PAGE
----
Movie review: 'Big Star: Nothing Can Hurt Me'


Non-revolutionary doc. tells story of power-pop greats.

Alex Chilton in "Big Star: Nothing Can Hurt Me"
Magnolia Pictures

A lot of the best music documentaries will turn new audiences on to old, unsung, cult-loved pioneers. For reasons other than the fact that three of the four original members are sadly now deceased, “Nothing Can Hurt Me” isn’t the kind of movie to spark a big Big Star revival, but it might at least deepen the devotion of die-hard fans.

The band was formed by teen rock star Alex Chilton — singer of the Box Tops’ 1967 hit “The Letter” and namesake subject of a 1987 Replacements song (alas, Paul Westerberg only shows up to comment here via an old, short video interview). The Memphis rock band made three albums that flopped commercially, but are now essential to any indie-rock record nerd’s collection. And that’s essentially all there is to the movie.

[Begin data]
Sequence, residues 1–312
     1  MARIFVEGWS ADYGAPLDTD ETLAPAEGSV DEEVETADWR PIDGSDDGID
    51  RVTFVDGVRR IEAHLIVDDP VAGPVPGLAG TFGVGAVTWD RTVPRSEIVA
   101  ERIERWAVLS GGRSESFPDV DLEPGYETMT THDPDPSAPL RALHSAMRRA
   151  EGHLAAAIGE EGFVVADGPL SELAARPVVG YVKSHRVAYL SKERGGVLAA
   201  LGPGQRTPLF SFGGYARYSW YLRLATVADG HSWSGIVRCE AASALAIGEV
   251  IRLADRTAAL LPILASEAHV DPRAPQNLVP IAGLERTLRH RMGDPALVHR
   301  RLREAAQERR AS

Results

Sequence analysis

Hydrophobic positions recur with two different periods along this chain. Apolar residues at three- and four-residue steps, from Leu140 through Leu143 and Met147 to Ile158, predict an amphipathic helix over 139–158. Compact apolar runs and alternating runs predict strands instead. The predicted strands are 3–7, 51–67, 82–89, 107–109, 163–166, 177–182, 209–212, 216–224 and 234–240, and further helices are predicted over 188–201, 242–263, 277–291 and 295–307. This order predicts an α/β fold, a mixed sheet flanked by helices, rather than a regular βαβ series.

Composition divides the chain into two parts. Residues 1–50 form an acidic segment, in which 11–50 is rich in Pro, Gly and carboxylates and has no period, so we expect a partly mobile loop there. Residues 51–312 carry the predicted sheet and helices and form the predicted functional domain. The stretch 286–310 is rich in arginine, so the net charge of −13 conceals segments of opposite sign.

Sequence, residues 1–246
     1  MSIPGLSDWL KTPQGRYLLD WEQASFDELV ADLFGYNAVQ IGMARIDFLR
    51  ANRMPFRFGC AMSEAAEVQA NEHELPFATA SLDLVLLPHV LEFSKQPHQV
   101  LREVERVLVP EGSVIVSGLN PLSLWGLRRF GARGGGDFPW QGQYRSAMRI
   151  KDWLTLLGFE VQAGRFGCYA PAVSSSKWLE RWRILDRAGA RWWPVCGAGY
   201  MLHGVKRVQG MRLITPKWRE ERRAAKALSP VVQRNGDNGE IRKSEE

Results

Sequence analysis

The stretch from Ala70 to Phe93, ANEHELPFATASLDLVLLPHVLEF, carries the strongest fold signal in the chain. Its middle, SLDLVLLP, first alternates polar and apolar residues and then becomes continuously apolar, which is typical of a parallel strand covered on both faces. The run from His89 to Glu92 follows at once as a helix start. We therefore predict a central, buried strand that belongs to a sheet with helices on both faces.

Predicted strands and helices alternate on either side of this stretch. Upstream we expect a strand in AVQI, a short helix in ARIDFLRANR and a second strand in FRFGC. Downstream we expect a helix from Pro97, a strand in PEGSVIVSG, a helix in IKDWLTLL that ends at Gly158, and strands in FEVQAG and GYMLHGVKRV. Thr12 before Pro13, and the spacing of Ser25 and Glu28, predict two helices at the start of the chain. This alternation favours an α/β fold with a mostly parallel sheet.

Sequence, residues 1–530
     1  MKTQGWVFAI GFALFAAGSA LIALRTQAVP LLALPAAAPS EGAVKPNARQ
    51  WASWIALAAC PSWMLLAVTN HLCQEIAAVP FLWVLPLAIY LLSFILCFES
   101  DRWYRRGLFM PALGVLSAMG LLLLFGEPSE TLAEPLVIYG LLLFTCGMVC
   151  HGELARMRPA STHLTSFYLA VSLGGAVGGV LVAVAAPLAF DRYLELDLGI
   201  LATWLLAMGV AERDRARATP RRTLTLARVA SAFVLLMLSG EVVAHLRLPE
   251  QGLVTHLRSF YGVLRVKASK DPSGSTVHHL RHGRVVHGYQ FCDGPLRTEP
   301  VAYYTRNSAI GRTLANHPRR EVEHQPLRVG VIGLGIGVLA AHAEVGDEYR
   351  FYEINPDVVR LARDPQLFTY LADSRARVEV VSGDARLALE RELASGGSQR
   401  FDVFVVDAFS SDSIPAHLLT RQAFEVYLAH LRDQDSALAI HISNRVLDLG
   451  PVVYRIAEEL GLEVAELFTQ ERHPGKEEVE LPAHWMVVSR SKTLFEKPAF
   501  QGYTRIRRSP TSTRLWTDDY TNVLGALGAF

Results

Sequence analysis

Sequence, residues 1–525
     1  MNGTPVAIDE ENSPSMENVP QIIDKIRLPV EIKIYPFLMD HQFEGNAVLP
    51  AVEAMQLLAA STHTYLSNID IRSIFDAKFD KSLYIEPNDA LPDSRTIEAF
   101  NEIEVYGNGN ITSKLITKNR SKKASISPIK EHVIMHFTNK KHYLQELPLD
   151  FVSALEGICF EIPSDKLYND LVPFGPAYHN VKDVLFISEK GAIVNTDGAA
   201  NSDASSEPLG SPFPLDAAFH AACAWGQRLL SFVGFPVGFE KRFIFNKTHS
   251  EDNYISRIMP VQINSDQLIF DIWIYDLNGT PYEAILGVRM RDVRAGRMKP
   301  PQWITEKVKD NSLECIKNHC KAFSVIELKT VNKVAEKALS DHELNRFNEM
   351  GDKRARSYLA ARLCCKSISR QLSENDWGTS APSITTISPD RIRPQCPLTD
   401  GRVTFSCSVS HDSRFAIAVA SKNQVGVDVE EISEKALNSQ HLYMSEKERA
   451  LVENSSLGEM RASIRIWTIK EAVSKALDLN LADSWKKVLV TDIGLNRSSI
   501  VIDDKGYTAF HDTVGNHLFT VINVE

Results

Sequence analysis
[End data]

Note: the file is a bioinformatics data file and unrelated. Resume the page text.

Pieced together with scant archival footage and lots of new interviews — the latter mostly done/overdone by other semi-obscure musicians and middle-aged white guys who all look like record-store clerks — “Nothing Can Hurt Me” actually does hurt at times. It’s downright depressing hearing all the woes that befell the band, from typical record-business loops to their own disaffection to the downward spiral of the group’s co-leader, Chris Bell, who never quite got out from under Chilton’s shadow.

If you’re not already a fan, there’s not a lot to like (or dislike) about the band members personally on screen, or about all the details provided on songwriting and recording. On the other hand, all the making-of footage and scenes offering a taste of Memphis in the ’70s will probably thrill established Big Star lovers in a big way. We know all too well from the movie that it’s a very select group of people. (Rated PG-13.)

Big Star: Nothing Can Hurt Me

⋆⋆½ out of four stars

Where: St. Anthony Main.